Every dog needs a collar and a leash. A dog collar serves several purposes and not all collars are appropriate for dogs. A collar is where the leash is attached; it’s also where the dog’s license, ID, and rabies vaccination tags are hung. Some collars are designed as a tool for dog training, discourage barking, ward off fleas and ticks, or protect injuries. Collars come in so many styles, materials, and colors. There are also collars used to make a fashion statement!
Common Types of Dog Collars
- Flat standard collar – This is the most common type of collar around. It is designed with a buckle or ‘quick release’ snap and a ring where the ID tags and leash can be attached.
- Martingale collar – Also called ‘the limited-slip’ collar, it’s ideal for dogs with broad necks and narrow heads, like whippets, greyhounds, and Salukis. It’s also great for dogs that can easily slip out of their collars.
- Head collar – The collar is designed to work like a horse’s halter. It’s good for dogs that are strong and energetic, and who love to jump and pull at their leash. With the halter around the muzzle of the dog, there won’t be enough leverage to pull hard on his leash.
These collars are used by some dog trainers to train dogs with behavior problems, such as correction. However, these methods of training are frowned upon by many humane groups. For aversive collars to be effective, they have to cause physical discomfort or pain to correct undesirable behavior. The collars suppress unwanted- behavior, however, they don’t teach the dog what’s the desired behavior. There have been cases in which the use of aversive collars in dogs has caused them to become aggressive.
- Choke chain – It is designed with metal links that tighten around the dog’s neck. But unlike the Martingale collar, the pressure exerted on the neck cannot be controlled, thus there is a possibility that the dog can be choked or strangled. The use of a choke chain has also resulted in injuries to the delicate tissues of the neck, such as the trachea and esophagus, neck sprains, and nerve damage. It can also cause injuries to the blood vessels supplying the eyes, fainting, paralysis, and even death.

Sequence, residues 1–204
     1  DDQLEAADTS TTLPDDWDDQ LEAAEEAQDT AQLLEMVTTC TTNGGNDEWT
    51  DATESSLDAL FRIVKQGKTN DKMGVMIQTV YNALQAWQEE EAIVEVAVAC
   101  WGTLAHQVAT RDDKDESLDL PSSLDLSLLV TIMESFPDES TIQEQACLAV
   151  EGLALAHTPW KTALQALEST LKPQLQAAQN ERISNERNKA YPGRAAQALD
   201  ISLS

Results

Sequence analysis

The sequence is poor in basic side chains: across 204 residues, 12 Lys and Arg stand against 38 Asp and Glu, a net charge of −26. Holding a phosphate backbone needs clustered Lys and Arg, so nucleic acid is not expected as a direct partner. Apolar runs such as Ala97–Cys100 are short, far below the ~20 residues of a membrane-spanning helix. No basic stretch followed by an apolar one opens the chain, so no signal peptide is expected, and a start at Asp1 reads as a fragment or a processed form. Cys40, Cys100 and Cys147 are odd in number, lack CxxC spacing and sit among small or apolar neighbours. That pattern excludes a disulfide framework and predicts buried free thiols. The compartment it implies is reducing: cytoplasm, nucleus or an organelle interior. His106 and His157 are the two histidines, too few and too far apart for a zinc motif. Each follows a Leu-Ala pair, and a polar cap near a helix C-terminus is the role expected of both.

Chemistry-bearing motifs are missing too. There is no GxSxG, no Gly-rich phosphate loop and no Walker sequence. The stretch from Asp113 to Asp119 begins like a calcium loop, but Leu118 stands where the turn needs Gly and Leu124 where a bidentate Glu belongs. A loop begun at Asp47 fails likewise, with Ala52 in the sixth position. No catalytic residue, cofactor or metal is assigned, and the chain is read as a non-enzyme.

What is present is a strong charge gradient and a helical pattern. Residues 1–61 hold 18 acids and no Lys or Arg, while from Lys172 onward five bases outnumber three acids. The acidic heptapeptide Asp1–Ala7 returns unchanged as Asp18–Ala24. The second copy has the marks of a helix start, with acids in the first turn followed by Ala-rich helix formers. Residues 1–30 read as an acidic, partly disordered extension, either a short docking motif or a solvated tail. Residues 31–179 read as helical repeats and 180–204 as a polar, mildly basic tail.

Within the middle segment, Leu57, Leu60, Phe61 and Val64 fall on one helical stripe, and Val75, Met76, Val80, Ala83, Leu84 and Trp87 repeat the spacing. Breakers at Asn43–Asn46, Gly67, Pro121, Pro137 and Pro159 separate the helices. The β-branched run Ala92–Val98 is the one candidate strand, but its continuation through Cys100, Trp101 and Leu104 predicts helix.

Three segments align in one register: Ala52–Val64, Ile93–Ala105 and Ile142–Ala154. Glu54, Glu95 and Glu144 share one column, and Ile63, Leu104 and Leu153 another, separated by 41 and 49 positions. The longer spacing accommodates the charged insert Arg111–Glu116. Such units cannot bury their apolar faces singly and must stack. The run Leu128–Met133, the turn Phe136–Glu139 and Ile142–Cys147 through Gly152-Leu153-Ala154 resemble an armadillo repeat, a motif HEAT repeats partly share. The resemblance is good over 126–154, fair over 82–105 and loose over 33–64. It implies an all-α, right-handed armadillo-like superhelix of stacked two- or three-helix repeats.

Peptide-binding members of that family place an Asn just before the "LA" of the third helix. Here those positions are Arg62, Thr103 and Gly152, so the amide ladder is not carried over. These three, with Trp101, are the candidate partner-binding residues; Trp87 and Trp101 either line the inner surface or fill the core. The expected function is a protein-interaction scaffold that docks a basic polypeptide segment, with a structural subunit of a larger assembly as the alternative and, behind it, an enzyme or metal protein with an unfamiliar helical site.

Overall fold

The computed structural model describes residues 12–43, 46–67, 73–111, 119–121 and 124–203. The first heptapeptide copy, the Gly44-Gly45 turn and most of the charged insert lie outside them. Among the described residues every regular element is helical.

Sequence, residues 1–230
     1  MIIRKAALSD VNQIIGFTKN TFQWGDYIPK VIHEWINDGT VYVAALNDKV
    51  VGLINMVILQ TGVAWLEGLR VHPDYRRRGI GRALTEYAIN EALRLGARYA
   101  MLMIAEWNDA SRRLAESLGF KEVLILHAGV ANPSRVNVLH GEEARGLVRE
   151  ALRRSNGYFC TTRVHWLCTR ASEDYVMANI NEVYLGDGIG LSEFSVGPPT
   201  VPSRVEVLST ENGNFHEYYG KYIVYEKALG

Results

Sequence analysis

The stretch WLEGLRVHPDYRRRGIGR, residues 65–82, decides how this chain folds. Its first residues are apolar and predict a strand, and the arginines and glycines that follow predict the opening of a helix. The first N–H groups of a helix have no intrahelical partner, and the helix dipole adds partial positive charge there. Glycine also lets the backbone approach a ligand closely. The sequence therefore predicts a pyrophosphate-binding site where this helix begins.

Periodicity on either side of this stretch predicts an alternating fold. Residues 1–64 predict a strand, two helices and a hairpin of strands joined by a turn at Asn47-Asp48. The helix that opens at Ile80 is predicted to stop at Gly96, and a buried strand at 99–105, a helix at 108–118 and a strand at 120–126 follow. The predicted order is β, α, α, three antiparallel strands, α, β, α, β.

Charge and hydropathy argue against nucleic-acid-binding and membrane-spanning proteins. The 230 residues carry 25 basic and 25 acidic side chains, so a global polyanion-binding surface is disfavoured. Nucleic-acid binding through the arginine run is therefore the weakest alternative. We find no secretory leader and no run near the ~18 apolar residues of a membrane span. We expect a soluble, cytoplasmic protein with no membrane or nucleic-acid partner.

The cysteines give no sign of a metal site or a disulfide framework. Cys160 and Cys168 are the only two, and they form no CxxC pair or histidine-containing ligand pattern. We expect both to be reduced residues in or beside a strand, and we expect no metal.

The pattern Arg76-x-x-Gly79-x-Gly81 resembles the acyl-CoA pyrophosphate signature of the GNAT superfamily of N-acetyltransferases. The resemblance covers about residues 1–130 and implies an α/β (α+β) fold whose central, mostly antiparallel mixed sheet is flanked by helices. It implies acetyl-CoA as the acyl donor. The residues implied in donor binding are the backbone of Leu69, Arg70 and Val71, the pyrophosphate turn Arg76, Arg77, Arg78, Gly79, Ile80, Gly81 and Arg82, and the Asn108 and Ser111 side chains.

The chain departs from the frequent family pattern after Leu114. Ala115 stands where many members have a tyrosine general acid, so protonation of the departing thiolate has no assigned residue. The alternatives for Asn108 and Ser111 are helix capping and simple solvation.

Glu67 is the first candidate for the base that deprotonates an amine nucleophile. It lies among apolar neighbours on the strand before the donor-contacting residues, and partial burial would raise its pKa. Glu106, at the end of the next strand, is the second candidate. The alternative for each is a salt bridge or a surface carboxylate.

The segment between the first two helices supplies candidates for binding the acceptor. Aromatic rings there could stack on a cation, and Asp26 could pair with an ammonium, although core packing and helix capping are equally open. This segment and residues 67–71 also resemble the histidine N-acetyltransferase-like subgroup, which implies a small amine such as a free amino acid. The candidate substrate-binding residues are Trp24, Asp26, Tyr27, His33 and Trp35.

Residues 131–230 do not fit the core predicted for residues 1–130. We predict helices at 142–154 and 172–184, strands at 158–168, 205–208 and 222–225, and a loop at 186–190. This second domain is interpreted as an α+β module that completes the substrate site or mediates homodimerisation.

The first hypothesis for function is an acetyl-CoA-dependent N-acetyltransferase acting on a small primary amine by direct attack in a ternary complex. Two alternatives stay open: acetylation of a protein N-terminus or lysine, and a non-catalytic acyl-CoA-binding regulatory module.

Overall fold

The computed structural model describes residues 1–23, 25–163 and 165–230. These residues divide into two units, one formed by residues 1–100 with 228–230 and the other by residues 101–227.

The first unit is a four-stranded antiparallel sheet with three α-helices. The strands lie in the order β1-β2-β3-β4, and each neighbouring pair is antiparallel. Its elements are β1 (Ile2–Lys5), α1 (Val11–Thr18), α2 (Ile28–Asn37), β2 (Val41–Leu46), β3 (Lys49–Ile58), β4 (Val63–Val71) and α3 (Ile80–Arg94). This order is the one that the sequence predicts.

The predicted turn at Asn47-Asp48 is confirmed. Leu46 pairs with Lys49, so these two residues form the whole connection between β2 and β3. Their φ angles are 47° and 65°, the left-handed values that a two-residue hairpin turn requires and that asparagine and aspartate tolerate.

- Prong or pinch – The collar has fang-shaped metal prongs with blunt edges. When the loop is pulled, the prongs pinch the skin on the dog’s neck.
- Shock collars – Electric current pass on the collar’s metal contact points to signal your dog. It’s often sold as training tools to address barking issues. The sensation from the electric signal can range from a mild tingling sensation to a painful shock.
- Bark control – These are collars that are used to control issues of excessive or unwanted barking. These collars may be designed to spray citronella or air when the dog barks, deliver an electric shock when the dog barks or emits an ultrasonic sound that can only be heard by your dog.
- Flea and Tick Collars – This type of collar is impregnated with anti-flea and tick medications. It’s worn together with a regular collar and has to be replaced regularly as it is only effective for a short span of time.
- Vibrating collar – This is often used to train deaf dogs. It uses vibration to get a dog’s attention.
- Elizabethan collar (E-collar) – Often used to prevent a dog from licking or scratching surgical wounds or injuries while they heal. The E-collar is generally designed to be attached to the dog’s regular collar.
- GPS collar – The collar utilizes GPS technology to help find lost pets.
Do dogs like their collars off?
Does your dog freak out when you take his collar off? There are many reasons for these seemingly weird behaviors. Some dogs appear happy because of the freedom that he feels without anything restricting him. But for some dogs, it’s a sad feeling because it signals the end of playtime or an outdoor excursion. Some dogs also act weird because they hate the sensation of being touched on the neck.
Why are dogs so bedazzled when you take their collars off?
Observing the accompanying behaviors exhibited by your pet can help identify the underlying cause. Some of the most common causes include:
- Injury caused by a collar that’s too tight causing the neck area to be tender to the touch.
- Intolerance to physical contact because some dogs don’t like being touched as a result of poor socialization or because of a past bad experience.
- Excitement brought about by associating the collar with exciting adventures and freedom.
- Distress as a result of associating the collar with the end of a walk or playtime.
Should I take my dog’s collar off at home?
There is no clear-cut answer to this question. The answer will depend to a large extent on the dog’s size, temperament, and personality, body type, breed, and environment.